Microsoft's just-announced fourth quarter 2023 results paint a rosy picture in general: almost all of the company's revenue sources increased year-on-year with the glaring omission of our bread and butter, personal computing. Other Microsoft business areas showed an average 14% uptick, but the company's "More Personal Computing" unit, which includes Windows OS and Xbox revenue, showed a 4% decrease. There, Xbox Content and Services (which includes Game Pass) saw a 5% revenue increase, with advertising revenue also coming for a save due to its 8% growth.
Unsurprisingly, Microsoft's biggest growth areas centered around Cloud Computing (Dynamics products and cloud services in the company's parlance), which saw a 19% growth and AI (Azure server products and cloud services). Interestingly and despite it being a much newer technology, AI was seemingly hot on the heels of general cloud computing results, posting a significant revenue increase of around 26%.
The results speak for themselves: Microsoft posted impressive gains across almost all of its business areas, except for the ones that are seemingly most related to consumer-oriented hardware. Windows OEM revenue, which offers us a good metric regarding the health of new PC activations, is down 12%, while devices revenue declined significantly, by 20%: this includes Xbox hardware and Surface devices. In this context, Microsoft's increased exposure to "deviceless services", such as Xbox Game Pass and Windows commercial services is up. This mirrors the generally contracted outlook in the hardware sector.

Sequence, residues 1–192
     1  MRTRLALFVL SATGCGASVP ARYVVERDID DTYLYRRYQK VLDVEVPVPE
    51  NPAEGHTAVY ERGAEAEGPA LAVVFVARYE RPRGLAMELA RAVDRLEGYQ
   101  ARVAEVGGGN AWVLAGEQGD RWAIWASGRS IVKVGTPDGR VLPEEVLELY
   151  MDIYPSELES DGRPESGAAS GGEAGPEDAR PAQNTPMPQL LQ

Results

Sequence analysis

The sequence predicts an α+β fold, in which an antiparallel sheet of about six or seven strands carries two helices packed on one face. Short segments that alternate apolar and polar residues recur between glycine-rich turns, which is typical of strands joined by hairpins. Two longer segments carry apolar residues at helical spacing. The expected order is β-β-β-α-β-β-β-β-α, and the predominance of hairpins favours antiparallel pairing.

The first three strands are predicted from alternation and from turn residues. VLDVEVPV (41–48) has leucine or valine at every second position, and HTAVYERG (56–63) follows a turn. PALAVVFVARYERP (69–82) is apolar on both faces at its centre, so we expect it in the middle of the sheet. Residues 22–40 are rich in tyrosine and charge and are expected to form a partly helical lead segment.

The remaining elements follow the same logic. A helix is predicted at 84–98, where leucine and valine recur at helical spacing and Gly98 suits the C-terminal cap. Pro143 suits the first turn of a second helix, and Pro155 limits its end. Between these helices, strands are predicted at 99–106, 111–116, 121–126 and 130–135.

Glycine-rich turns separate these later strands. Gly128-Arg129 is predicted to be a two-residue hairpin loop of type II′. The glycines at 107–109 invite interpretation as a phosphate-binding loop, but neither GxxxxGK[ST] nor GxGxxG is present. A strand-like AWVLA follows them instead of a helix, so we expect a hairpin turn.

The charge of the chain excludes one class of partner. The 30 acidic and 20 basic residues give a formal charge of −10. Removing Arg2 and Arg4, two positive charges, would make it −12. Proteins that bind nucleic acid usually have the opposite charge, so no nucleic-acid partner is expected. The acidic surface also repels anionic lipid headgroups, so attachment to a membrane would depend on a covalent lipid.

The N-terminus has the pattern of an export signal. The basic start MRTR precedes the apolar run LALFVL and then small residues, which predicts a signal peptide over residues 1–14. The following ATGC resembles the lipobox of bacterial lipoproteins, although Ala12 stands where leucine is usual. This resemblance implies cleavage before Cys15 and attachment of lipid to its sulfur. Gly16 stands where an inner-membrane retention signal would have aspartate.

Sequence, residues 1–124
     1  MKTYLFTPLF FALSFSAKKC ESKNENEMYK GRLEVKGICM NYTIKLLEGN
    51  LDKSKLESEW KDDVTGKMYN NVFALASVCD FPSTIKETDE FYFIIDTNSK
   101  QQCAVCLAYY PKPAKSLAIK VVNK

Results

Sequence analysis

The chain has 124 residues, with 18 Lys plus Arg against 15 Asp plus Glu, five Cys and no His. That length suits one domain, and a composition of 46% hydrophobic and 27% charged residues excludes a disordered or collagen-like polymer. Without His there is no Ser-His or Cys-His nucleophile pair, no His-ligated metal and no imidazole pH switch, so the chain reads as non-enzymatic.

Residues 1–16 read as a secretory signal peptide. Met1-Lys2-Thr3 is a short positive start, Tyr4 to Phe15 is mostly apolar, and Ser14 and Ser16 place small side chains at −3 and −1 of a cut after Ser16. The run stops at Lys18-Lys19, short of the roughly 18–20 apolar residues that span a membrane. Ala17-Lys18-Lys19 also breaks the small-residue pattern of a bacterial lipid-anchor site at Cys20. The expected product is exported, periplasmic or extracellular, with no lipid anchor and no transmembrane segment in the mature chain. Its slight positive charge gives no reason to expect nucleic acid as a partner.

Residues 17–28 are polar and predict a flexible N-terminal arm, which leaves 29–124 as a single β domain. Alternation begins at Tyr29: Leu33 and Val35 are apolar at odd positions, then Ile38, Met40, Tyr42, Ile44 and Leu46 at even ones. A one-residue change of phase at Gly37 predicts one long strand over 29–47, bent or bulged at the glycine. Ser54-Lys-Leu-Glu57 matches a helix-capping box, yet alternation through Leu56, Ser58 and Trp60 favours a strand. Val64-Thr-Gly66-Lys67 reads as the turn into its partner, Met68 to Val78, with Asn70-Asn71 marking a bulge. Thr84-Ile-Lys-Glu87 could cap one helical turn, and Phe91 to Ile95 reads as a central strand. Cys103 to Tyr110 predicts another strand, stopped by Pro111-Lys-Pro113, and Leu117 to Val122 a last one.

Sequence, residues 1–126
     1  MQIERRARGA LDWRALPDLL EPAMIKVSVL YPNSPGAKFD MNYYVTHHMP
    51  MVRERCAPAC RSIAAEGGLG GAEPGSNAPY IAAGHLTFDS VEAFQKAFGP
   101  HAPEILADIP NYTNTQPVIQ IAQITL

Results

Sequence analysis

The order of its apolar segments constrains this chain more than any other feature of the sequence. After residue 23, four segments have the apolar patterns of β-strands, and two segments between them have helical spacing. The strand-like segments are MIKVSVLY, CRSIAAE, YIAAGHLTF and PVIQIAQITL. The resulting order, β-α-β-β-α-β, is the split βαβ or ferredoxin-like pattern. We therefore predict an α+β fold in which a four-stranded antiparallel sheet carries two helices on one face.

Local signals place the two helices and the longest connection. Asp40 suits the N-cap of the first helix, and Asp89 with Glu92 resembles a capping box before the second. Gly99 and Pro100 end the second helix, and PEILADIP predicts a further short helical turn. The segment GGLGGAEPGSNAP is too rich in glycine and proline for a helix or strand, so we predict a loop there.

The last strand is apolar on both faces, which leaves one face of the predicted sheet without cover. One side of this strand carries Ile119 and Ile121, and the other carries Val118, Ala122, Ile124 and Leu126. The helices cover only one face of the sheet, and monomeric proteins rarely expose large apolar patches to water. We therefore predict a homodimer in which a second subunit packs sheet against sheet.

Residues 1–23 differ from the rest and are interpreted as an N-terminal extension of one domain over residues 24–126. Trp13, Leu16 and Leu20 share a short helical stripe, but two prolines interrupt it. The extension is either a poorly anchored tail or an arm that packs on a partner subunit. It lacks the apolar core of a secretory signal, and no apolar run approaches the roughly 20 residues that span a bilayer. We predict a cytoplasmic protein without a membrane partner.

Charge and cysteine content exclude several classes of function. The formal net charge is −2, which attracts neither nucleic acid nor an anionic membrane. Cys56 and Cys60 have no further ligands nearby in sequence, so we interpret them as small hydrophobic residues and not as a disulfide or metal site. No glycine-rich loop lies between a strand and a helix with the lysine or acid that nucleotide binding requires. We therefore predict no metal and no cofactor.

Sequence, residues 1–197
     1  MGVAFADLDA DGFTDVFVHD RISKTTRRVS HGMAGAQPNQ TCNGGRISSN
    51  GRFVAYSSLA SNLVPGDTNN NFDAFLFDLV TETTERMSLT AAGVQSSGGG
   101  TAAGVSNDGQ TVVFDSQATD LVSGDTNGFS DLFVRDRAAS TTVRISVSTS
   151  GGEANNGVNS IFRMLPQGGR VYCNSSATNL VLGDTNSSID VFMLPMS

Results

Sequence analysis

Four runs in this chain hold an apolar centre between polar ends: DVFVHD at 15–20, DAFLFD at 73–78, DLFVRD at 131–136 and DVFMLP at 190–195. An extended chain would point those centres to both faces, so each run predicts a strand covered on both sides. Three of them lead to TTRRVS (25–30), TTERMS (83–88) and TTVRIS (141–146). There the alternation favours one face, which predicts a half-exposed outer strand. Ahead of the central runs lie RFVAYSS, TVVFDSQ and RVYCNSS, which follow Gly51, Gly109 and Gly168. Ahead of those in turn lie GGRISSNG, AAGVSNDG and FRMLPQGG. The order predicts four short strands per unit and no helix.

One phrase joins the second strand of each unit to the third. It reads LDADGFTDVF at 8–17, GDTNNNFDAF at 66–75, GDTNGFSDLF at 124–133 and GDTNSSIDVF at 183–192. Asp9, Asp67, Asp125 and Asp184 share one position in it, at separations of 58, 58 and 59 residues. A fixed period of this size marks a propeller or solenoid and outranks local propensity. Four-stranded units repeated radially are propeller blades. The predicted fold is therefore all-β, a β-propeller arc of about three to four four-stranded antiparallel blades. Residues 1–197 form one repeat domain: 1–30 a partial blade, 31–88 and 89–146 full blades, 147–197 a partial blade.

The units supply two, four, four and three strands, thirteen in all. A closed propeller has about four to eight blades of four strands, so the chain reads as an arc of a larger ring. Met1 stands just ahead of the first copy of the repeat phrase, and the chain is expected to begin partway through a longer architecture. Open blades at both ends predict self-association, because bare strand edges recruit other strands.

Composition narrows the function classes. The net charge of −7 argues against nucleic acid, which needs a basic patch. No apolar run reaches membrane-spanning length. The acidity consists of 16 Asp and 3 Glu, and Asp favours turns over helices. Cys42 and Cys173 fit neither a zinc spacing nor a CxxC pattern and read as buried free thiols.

It's also interesting to notice that Microsoft's results come after the company pivoted its strategy, shedding around 5% of its 220,000-workforce - materialized in around 10,000 layoffs in January this year. It's fair to assume that at least part of Micorosft's revenue and net income increase - the last one quoted by the company at a 20% increase - are owed to that decision.